Officer Accepts Plea Bargain in Driver’s Shooting


An LAPD officer who shot an unarmed motorist in the back after a dispute over a traffic ticket pleaded no contest Wednesday to a felony charge of firing at an occupied motor vehicle.

Prosecutors said Ronald Orosco, 31, will receive from six months to seven years behind bars when he is sentenced Oct. 29. Without the plea bargain, he could have received 25 years to life in prison if convicted.

For the record:

12:00 a.m. Aug. 31, 2001 FOR THE RECORD
Los Angeles Times Friday August 31, 2001 Home Edition Part A Part A Page 2 A2 Desk 1 inches; 29 words Type of Material: Correction
District attorney’s office--A story Thursday incorrectly identified John Gilligan as head of the Los Angeles County district attorney’s Justice System Integrity Division. He is assistant head deputy.

The case is the second this year in which a Los Angeles police officer has been convicted in connection with an on-duty shooting. Officer Nino Durden, a key figure in the department’s corruption scandal, confessed in federal court that he shot an unarmed man and planted a gun on him in 1996.


However, prosecutions of Los Angeles County law enforcement officers for on-duty shootings are rare and convictions even more infrequent.

Earlier this month, the L.A. County district attorney’s office declined to prosecute LAPD Officer Edward Larrigan in the fatal 1999 shooting of a mentally ill homeless woman who was carrying a screwdriver. Before the new cases, the last local conviction of an on-duty officer occurred in 1982 when a Los Angeles County sheriff’s deputy served eight months for shooting a pregnant woman who was carrying an unloaded rifle.

Orosco, who had been indicted by the Los Angeles County Grand Jury, will lose his job at the 77th Street station, where he has been on unpaid leave since October, LAPD officials said Wednesday.

Orosco wounded retired aerospace worker Charles Beatty, 66, in June 2000, after pulling him over at the corner of Central and Florence avenues for allegedly crossing the yellow line in the road.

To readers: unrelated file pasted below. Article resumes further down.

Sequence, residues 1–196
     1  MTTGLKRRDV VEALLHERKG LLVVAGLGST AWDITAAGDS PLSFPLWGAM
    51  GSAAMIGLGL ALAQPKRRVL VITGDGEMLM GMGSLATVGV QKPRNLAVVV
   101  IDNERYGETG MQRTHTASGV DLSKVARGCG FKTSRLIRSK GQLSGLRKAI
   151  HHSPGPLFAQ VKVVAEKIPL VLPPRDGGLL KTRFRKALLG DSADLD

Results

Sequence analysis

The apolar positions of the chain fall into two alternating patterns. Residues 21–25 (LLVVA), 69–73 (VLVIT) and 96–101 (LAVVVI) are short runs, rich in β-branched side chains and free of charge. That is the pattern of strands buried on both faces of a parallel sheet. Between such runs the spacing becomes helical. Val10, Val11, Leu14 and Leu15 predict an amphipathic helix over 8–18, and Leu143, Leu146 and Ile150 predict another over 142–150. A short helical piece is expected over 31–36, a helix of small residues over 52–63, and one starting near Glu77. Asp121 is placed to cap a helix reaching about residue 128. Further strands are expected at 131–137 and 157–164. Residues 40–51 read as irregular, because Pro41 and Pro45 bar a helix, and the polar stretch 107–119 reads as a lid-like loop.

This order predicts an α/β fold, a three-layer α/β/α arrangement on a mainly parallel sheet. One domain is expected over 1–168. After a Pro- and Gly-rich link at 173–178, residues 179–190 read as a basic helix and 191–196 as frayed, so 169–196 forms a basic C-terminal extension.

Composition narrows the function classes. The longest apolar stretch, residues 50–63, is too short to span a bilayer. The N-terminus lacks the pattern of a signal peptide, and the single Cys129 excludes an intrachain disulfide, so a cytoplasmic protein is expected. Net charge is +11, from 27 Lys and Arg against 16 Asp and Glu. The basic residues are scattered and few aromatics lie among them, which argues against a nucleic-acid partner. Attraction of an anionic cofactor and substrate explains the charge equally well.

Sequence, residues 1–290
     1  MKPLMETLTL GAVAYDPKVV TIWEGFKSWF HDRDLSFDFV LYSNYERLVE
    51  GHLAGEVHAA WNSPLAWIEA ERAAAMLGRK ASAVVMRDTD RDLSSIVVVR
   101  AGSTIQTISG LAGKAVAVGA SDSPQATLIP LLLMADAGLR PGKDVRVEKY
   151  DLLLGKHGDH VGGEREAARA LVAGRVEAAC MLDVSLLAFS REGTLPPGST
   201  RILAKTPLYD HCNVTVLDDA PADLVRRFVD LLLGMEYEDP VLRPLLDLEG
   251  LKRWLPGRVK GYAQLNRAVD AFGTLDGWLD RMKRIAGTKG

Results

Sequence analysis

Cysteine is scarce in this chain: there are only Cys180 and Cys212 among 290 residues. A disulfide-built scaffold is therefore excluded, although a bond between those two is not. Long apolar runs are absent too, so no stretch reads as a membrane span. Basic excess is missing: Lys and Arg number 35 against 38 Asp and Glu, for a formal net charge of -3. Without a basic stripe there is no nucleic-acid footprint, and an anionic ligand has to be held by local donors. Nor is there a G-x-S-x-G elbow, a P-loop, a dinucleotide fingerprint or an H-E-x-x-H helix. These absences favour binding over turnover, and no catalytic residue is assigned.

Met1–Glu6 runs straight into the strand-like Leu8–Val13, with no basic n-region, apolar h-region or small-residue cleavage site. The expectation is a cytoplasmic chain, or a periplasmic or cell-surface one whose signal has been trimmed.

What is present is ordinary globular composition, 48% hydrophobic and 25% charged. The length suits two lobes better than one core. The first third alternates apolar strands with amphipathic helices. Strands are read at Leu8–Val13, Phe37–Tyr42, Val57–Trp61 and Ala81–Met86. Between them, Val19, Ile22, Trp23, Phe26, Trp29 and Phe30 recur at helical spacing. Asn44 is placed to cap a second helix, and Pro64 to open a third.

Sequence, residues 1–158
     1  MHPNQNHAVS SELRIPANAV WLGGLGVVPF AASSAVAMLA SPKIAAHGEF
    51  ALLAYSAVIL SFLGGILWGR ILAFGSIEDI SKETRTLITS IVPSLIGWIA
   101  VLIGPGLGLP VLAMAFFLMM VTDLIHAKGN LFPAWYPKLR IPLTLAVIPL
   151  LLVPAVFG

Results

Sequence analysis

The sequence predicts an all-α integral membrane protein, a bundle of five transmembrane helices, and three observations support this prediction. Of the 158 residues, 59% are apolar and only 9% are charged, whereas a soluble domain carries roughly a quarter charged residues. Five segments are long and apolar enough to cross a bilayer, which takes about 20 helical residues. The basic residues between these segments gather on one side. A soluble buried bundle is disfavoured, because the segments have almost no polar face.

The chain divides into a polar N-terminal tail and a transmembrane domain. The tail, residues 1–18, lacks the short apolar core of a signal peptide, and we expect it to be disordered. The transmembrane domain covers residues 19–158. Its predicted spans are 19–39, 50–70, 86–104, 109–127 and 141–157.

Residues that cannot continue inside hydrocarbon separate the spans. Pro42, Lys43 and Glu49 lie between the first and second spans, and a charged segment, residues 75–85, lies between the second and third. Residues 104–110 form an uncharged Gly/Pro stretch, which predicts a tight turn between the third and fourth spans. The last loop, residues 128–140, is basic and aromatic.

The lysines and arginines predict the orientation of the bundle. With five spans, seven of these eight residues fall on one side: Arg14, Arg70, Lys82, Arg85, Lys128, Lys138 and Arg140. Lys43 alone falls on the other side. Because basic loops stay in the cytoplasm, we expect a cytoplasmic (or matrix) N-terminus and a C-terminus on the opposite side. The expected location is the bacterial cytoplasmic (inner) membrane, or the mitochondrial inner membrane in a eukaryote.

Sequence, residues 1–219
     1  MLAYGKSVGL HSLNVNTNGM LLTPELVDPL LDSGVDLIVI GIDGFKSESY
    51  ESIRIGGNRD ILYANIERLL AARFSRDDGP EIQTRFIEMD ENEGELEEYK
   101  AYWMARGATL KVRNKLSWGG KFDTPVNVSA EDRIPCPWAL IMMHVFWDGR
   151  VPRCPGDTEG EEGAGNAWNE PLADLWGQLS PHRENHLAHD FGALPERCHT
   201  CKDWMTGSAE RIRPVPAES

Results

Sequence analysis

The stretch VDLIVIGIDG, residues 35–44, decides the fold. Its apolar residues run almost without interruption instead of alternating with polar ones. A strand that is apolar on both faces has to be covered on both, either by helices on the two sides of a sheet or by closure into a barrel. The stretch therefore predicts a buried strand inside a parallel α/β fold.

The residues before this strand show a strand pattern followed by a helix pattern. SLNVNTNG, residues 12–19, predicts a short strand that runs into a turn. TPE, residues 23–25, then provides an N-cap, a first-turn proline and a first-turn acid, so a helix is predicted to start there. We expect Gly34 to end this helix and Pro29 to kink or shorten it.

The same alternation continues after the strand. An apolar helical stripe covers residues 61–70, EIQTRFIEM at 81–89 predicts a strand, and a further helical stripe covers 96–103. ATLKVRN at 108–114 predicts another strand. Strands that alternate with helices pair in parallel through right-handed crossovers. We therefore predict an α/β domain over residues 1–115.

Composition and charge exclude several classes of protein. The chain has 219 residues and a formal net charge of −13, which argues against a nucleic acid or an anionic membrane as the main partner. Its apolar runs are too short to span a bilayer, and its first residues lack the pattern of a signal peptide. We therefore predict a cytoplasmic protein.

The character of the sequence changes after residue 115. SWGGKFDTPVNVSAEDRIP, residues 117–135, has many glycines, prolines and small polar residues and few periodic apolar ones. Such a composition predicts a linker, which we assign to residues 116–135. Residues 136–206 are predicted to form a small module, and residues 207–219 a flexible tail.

Prosecutors said Orosco and Beatty got into a heated argument over the traffic ticket and that the officer lost his temper and fired when Beatty tried to drive away after receiving the ticket. Orosco’s partner, Gorgonio Medina, did not fire his weapon.

William J. Hadden, Orosco’s attorney, has disputed the account, saying his client shot Beatty because he feared for his life.

Beatty was treated at County-USC Medical Center for a bullet wound in the back.

In September, the grand jury indicted Orosco on charges of assault with a deadly weapon and firing into an occupied vehicle. The grand jurors alleged that the officer “willfully, unlawfully and maliciously” fired at Beatty’s vehicle. Orosco, who had been an LAPD officer for five years at the time of the shooting, originally pleaded not guilty to the charges.

Orosco changed his plea Wednesday morning before Los Angeles Superior Court Judge Williams Pounders. In exchange for the plea, prosecutors dropped the assault charge.

John Gilligan, head of the district attorney’s Justice System Integrity Division, said the plea arrangement was a good deal because a jury’s reaction to an officer’s testimony is too unpredictable.

“Juries give the benefit of the doubt to police officers,” he said. “You just cannot underestimate their willingness not to second-guess an officer who testifies he was in fear for his life.”

Defense attorney Hadden said he believed his client was overcharged and did not want to risk being convicted by a jury and receiving a lengthy prison sentence.